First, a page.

Matt Kemp Team Lead at Signal
"The main benefit for us is the automatic replication both intra and inter-region... we’ve spent zero hours ever dealing with Cassandra replication issues. What this means for our clients is that once they have saved data, it’s available to them no matter where they are geographically."
Matt Kemp Team Lead at Signal

Signal is the global leader in real-time, cross-channel marketing technology. The Signal Open Data Platform helps marketers collect data from any offline or online source, synchronize the data across all touchpoints, and distribute it to any marketing or analytics endpoint – all in real time. The platform is ecosystem-neutral and makes data and marketing technologies work better together for increased engagement, loyalty and conversions.

Evaluating CouchDB, MongoDB, and Riak

Before settling on Cassandra a couple of us evaluated it alongside CouchDB, MongoDB and Riak. At that time Cassandra 0.8 was the latest release. For every one of the databases we worked up a trial to see what it would actually look like if we used this database as the backend. It might have been a little ridiculous to have four different backend implementations at one point, but it was extremely useful in our evaluation as we got first hand experience with with each of these technologies.

While we were flexible on the underlying data model, we had some hard constraints around performance, capacity and multi-data center replication. We wanted to make sure if a client updates their data in one region, it propagated to the other in a reasonable amount of time. Out of the box cross-data center replication was the ultimate requirement that led us to Cassandra over the other databases.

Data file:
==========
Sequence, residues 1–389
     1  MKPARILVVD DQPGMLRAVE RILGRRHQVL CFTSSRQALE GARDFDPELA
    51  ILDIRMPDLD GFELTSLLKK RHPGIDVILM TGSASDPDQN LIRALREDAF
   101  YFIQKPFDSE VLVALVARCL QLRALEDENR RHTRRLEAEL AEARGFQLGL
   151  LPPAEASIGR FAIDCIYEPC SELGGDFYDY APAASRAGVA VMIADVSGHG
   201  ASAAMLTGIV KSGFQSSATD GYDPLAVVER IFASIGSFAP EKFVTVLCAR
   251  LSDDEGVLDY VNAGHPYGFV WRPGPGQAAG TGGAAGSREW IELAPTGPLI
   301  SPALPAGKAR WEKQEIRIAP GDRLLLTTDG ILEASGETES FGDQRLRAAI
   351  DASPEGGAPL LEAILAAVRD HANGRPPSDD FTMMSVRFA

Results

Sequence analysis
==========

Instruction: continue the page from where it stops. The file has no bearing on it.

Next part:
We use Cassandra for two very different parts of our infrastructure. The original use case was to power our Fuse platform. Fuse allows our clients to combine and utilize their data across previously silo-ed channels: web, mobile, CRM systems and more. Additionally clients have access to the data no matter where they are located geographically. The second use case was KairosDB plus Cassandra to power our client facing stats. Going forward we’re looking at other potential uses of Cassandra as well.

A changing Cassandra

When we first launched our Cassandra ring in production, version 1.0 had just been released. We upgraded to 1.1 in 2012 and then subsequently to 1.2 at the end of 2013. We made a similar evolution of drivers starting with Hector, then moving to Astyanax, and finally ending up with the Datastax driver.  We also started with Netflix’s Priam for security group management, but moved on to write our own “sidecar” which uses our our cloud-agnostic infrastructure reference API instead of Priam.

Overall we’ve liked the change from the Thrift interface to CQL. It’s definitely lowered the learning curve to get people started with Cassandra. The biggest challenge has been getting people to understand the differences between Cassandra and a traditional relational database both how the data is stored on on disk and how you can query that data. For example that you can’t perform joins and if you want a reverse or secondary index you basically have to build it yourself.